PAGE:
Tuesday, August 14, 2007


This piece, a soundtrack to the film Eat by Andy Warhol, was composed by Cale in the early 90s and, along with its companion, Kiss, was first performed with Moe Tucker and Sterling Morrison at the Warhol Museum in 1994. It was recorded with some revisions the next year, after Morrison's death. I'm regarding it as a single work and only as an audio track, since I haven't seen the film.

The first movement, for pedal steel and 12-string guitar, is a glacial exploration of minor chords. After the first few notes sound in the silence, like a Bach fugal theme, the 12-string plucks through one chord after another, slowly, disconnectedly. An synth or organ interjects "boat horn" sounds (yes, John Cale is on keyboards). Weird, rippling infinite guitar hangs like a canopy over the middle of the movement before gaining its own voice and injecting a new melody into the last quarter of the movement, as the boat horn is silenced.

The transition into the second movement is imperceptible. Suddenly, Cale's voice rings out - the first time on the disc, so it's all the more surprising. The slide guitar gains a more sinister metallic edge, and moves into the back left; the 12-string moves right (but keeps playing the same sort of arpeggiations). Cale's voice hangs at center, the central instrument of the movement.

He dispassionately and thoughtfully reads the parable "Melanethon", by Emanuel Swedenborg, an 18th century renaissance man, amateur mystic/theologian, and accidental founder of a religion. It's an excerpt from Swedenborg's most famous work, Heaven and Hell, detailing the damnation of a theologian for his belittling of the virtue of Charity. In tone, the writing is closer to Kafka or Stanley Donwood than Christ. It's a haunting little vignette.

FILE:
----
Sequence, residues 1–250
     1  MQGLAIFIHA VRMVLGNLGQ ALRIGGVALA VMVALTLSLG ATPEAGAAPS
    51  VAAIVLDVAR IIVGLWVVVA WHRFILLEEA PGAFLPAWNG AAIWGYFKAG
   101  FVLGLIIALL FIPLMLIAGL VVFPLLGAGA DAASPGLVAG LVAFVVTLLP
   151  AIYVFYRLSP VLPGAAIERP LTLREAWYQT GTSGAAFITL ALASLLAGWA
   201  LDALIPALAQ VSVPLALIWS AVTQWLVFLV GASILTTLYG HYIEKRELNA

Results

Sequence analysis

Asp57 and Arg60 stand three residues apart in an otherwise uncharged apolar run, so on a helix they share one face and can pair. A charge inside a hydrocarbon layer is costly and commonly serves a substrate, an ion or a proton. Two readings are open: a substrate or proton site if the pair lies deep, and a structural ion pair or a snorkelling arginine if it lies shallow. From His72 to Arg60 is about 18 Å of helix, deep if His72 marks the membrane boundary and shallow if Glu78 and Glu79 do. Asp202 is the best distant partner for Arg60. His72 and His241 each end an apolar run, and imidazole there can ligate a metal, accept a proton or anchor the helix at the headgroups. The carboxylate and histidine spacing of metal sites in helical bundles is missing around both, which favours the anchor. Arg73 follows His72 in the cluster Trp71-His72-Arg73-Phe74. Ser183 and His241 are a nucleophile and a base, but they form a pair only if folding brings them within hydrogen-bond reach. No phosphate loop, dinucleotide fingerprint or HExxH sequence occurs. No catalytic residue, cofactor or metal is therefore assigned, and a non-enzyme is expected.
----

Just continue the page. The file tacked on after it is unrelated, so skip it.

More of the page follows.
After the final word ("demons") has passed from Cale's lips, sinister strummed chords sound. You know, like the "dun dun duhhhh" of movie soundtrack cliché. The infinite guitar spirals around like a metallic buzzard. But then the 12-string modulates up, begins strumming nice, comfortable major chords. A violin joins, banishing the slide guitar, and starts singing a pretty song. Soon enough, Moe is adding a light drumbeat and the rest of the strings join. Yes, movement three is an elegant little hot club shuffle. (Well, on downers - this is all very slow music.)

It all fades for the last movement. The slide guitar started singing at the end of the third movement, and it oversees the transition into Cale piano work. It's pensive and graceful and slight, this waltz duet. And then it's over, the audience claps and we can all go home.

I don't know how this music matched a home video of a guy eating a mushroom, but maybe you had to be there. It's interesting that Cale's mentor and nemesis, La Monte Young, did the soundtrack for a group of Warhol excerpts including Eat and Kiss. Perhaps coincidence, perhaps not?

It's interesting music, but the first two movements are a little too loose and the last two are rather conventional. It's fine listening, but it doesn't really stand up to "Kiss." Cale's reading of "Melanethon," though, is definitely worth a listen for Kafka fans and lovers of creepy radio serials. The guy's voice is just mesmerising.

By popular demand, here's the 'Melanethon' segment. High quality flash player, low quality MP3.


Ian said...

I'm immensely fascinated by your description of this one and really want to hear it, especially the Swedenborg (not the first time I've heard his name, although certainly the first time it's been in a musical context!). How long is the piece, all four movements together?

Inverarity said...

Twenty-one minutes. Which is rather mysterious, as the film is thirty-nine. Hm.

Ian said...

It's all down to the three Rs.

Inverarity said...

... it is?